HANG TIME HEADQUARTERS — Let’s be clear about one thing, there is no shame in the MVP game of Heat star LeBron James.
He knows that he could very well be on the cusp of joining one of the NBA’s truly elite groups as a three-time winner of the league’s Most Valuable Player Award, becoming just the ninth player in history to win it three times.
James opened up to Brian Windhorst of ESPN.com about the potential of joining Hall of Famers like Kareem Abdul-Jabbar, Bill Russell, Michael Jordan, Magic Johnson, Wilt Chamberlain, Larry Bird and Moses Malone in becoming a three-time winner:
“It would mean a lot, honestly, it would mean a lot,” James said. “If I’m able to win it this year it would be very humbling knowing the caliber of guys who have won it three times.”
“I remember me being a little, scrawny guy from Akron, Ohio, and watching so many greats either watching live or watching games, knowing and loving the history of the game and seeing the guys who have paved the way for myself. I’ve always respected that. I’ve always respected the talent that came before me.”
The difference between those players and James, of course, is that all of them had won championships by the time their careers were over. [Chamberlain and Malone both won their third MVP in the year they got their first championship.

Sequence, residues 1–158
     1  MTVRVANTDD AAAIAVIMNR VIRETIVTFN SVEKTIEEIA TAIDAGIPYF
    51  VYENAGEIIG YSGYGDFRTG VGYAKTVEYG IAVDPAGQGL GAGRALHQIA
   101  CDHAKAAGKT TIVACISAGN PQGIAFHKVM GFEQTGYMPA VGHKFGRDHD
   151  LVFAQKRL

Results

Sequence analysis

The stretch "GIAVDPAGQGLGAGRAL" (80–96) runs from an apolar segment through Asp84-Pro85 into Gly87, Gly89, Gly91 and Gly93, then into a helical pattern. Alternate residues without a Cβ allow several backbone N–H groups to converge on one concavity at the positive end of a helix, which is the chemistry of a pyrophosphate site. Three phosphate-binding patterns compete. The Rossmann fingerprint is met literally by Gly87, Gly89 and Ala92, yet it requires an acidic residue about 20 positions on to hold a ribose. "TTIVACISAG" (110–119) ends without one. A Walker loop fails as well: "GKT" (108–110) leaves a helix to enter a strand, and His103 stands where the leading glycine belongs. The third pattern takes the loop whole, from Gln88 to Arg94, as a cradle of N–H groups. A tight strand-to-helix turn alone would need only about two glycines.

But that lack of a title to this point may not affect how the voters who select the MVP view James. In a sampling of veteran NBA journalists and broadcasters who vote, none said historical context would play a role on how they would vote on the award this year.
James’ case is reasonably strong. He’s averaging 27.1 points, 7.9 rebounds and 6.3 assists per game. He’s also posting career highs in shooting, 3-point shooting and rebounding. The Heat are performing at a slightly higher pace than they did last year in terms of winning percentage. And the team is 11-1 when James plays and Dwyane Wade does not.
“LeBron, to me, is the (MVP) favorite every year,” Celtics coach Doc Rivers said last week. “If he doesn’t win it, it’s because people are tired of voting for him.”
We just had a robust debate about James, Wade and their complex on-court dynamic and relationship on Episode 75 of the Hang Time Podcast. And James has been at the very top or right near it on the KIA Race to the MVP Ladder all season long. So it should not surprise anyone that he is speaking on the topic now.
What’s unclear right now, though, is how much of the LeBron fatigue Rivers spoke of in play when the ballots are being filled out. Based solely on his regular season performance, James is an almost impossible candidate to knock. He shows well in every category.
But this award is never just about the performance. There are so many other layers since there is no set guidelines the voters are required to consider when casting those votes.
We’ll know soon enough if James gains entry into that elite club of three-time winners. And in a few months we’ll find out if he can add that other piece of hardware they all have as well.